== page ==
The new rule in Mamata-land is what Bengalis call speak-ti-not or don’t utter a word. Anything you say, can and will be held against you.
In May, Taniya Bhardwaj, a Presidency College student, found herself labeled a Maoist for daring to ask Mamata Banerjee about the conduct of state officials over crimes against women. At that time the CM had merely stormed off the stage.
Shiladitya Chowdhury, a poor farmer in one of the poorest areas of the state, was not so lucky. For daring to interrupt Mamata’s speech with questions about the rise in fertilizer prices, Chowdhury was called a Maoist and thrown into jail, booked on non-bailable charges including criminal intimidation.
Today’s newspaper describes Chowdhury’s family as having been Trinamool supporters for over a decade. “My brother was unhappy with the new government’s performance in the past 13 months,” his brother told The Telegraph. “So he had asked the chief minister some questions at the Belpahari rally. But we never thought he would have to pay such a high price for this.”
If unhappiness with the government’s performance becomes a non-bailable offence in West Bengal, the government is going to run out of jail space. Chowdhury just vocalised what a lot of people grouse about in West Bengal’s tea shops.
Shiladitya Chowdhury’s fate has provoked less furore yet than the great cartoon conspiracy or the Park Street rape case or even the Taniya-the-Maoist debacle. Those sucked up the media oxygen and sparked great middle class outrage for days. But the poor farmer’s plight is far more terrifying than all of those three cases combined.
Taniya Bhardwaj didn’t really have to face much more than Mamata’s tongue lashing for having the temerity to question her administration’s record. One could say Mamata was thin-skinned.
The Park Street rape case just saw the chief minister needlessly wading into a criminal investigation that didn’t involve her and giving it political colours. One could say she was misinformed.
In the cartoon case she didn’t give the orders for the professor’s arrest for forwarding that cartoon around. But she fanned the flames by supporting his arrest. One could say she was humourless.
But all of those were just little storms in middle-class tea cups. This is far more ominous for all of us.
The fate of Shiladitya Chowdhury shows that the chief minister means business when she says she brooks no opposition. And the woman, who has risen to power as the saviour of the underprivileged and oppressed and poor, will not hesitate to make an example out of anyone who she thinks is raining on her parade, even when he comes from her most loyal base – the poorest of the poor. The fact that she went after him in full view of the media, at a public rally, shows she doesn’t care what anyone thinks or is supremely confident that no one cares about a farmer in Midnapore.
When Chowdhury first heckled the chief minister, security forces took him away. Mamata told the crowd that she knew there were Maoist infiltrators and see, how she had caught one “crooked man haatey-naatey” (red-handed). The man was questioned and released because the police couldn’t find any Maoist links to the poor bus conductor turned farmer. On Friday evening he was arrested and the “wicked man” was charged with breaking into a high-security zone with mala fide intentions. The man who the police said had eluded them and “fled” from the meeting ground was found hiding in plain sight – tilling his own patch of land. The infamous dushtu lok vanish (wicked person, vanish) cartoon had become ominously real in Belpahari.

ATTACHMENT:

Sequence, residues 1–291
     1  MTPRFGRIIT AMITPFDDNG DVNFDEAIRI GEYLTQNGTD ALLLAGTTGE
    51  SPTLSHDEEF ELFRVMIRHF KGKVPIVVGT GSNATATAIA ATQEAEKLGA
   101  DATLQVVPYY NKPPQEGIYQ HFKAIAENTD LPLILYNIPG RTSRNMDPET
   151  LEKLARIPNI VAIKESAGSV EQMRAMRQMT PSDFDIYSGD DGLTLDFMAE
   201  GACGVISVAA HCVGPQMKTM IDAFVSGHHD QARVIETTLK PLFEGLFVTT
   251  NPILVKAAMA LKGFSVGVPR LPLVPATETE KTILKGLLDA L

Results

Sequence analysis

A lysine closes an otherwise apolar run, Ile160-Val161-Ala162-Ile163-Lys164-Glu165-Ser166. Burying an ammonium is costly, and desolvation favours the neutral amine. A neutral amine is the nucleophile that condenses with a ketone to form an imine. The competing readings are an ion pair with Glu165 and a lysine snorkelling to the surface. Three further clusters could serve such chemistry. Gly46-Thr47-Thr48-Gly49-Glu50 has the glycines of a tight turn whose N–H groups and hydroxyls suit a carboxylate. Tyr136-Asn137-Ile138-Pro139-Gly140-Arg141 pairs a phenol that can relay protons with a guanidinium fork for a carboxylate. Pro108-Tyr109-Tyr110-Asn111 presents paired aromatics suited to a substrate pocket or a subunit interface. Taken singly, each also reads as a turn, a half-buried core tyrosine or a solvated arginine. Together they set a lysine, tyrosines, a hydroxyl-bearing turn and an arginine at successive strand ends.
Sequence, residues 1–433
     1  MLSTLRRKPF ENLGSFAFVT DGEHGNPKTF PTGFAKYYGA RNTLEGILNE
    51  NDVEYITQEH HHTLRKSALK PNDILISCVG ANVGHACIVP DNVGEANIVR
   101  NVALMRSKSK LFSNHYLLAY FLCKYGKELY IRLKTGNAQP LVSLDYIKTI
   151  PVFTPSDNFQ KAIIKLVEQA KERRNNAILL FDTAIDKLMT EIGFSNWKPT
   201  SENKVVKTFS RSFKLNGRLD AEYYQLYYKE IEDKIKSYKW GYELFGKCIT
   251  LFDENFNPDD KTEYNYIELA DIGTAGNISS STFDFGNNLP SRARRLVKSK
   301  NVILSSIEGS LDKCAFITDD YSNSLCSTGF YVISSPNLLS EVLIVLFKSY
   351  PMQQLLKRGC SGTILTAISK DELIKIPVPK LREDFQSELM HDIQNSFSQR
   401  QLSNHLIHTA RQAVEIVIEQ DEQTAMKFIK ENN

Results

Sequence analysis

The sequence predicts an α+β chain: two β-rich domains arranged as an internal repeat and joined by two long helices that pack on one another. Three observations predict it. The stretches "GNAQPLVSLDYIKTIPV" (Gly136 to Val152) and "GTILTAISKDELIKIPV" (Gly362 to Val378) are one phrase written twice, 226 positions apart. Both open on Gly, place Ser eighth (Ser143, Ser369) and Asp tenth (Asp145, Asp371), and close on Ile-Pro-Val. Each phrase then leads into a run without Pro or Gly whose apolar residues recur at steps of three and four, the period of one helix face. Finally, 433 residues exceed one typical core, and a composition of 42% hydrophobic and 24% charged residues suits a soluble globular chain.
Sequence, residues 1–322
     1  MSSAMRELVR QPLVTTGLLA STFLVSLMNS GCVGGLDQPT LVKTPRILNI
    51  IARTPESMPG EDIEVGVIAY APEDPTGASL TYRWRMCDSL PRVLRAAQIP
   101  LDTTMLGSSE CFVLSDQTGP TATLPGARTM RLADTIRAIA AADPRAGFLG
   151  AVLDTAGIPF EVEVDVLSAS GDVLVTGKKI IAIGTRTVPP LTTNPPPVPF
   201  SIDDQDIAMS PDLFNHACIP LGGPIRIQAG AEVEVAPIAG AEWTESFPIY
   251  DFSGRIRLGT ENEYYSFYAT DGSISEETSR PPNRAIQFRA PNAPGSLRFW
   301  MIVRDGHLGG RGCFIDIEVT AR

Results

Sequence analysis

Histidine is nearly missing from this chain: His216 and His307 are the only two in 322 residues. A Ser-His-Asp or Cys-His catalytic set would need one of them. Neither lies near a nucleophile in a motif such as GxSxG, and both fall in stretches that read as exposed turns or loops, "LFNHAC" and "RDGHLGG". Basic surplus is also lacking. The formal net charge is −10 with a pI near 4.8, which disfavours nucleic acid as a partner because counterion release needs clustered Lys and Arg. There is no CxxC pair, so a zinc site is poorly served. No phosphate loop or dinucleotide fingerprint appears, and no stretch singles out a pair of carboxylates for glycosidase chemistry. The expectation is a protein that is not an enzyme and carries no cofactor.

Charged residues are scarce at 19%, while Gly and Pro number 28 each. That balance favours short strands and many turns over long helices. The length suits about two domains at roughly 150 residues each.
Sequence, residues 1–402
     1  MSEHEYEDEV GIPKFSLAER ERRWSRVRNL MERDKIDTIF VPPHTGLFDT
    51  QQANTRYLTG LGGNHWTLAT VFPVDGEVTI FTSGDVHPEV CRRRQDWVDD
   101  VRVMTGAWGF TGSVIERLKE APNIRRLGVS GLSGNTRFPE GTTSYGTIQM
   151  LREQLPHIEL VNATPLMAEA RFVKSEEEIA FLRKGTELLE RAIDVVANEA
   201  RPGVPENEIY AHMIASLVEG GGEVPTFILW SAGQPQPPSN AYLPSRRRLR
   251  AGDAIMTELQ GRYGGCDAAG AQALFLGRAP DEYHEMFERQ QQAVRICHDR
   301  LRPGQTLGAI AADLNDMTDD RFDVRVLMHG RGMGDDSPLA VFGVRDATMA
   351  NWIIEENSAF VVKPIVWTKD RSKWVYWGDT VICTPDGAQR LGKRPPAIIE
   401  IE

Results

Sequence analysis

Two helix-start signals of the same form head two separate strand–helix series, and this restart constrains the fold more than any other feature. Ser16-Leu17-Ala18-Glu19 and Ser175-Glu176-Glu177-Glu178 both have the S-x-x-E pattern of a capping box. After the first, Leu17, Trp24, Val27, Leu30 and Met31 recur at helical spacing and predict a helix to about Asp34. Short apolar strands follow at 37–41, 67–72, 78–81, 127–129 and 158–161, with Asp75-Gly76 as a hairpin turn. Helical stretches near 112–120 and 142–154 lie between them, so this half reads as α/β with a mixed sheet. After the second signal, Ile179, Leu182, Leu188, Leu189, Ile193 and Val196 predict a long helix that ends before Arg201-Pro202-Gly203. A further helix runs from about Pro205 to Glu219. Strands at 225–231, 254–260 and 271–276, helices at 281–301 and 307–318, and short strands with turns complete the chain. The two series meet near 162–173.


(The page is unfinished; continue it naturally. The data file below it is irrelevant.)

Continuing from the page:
Chowdhury’s great sin was he brought up an issue that the CPI(M) has been using to try and hammer on Mamata’s friend-of-the-poor image before the panchayat polls. He did it in Belpahari, a region so poor no chief minister had visited it since 1972. This was supposed to showcase Mamata in her best Lady Bountiful avatar showering peace and development in areas racked by poverty. Chowdhury ruined that made-for-television moment. And when he started shouting at her that the high prices made it hard for marginal farmers like him to continue, many other voices joined him and almost drowned out the CM’s voice. That is unpardonable in the world according to Mamata.
Press Council of India chairman Markandey Katju who had once given Didi a good character certificate has changed his mind and called her “totally dictatorial, intolerant and whimsical.” It’s time the rest of civil society joined him resoundingly.
The question is not whether Chowdhury is a Trinamool supporter or was a CPM man or even a Maoist sympathiser. Do one’s political colours mean one cannot ask a question about fertilizer prices? The basic tenet of democracy, the right to question the government, is now the chief minister’s plaything and she has a police force that is apparently happy to let her get away with treating it as such.
Mamata likes to harangue her bureaucrats on stage, wag her finger at industrialists in public, and hector hospital chiefs in front of television cameras. She obviously wants a state where everyone is held to account except herself. She considers herself beyond accountability, above apology, and always right.
Her critics had long regarded her many gaffes as signs of political immaturity, the opposition leader who has not gotten used to being the government and is in too much of a hurry. Many even call her a little mad, too whimsical for her own good. But our “mad Didi” is almost a term of affection as if she does not know what she is doing.
In Midnapore she showed herself in a much more chilling incarnation. We dismiss it as just another madness of Queen Mamata at our own peril. Or do we not care enough just because Shiladitya Chowdhury is not a ‘person like us’?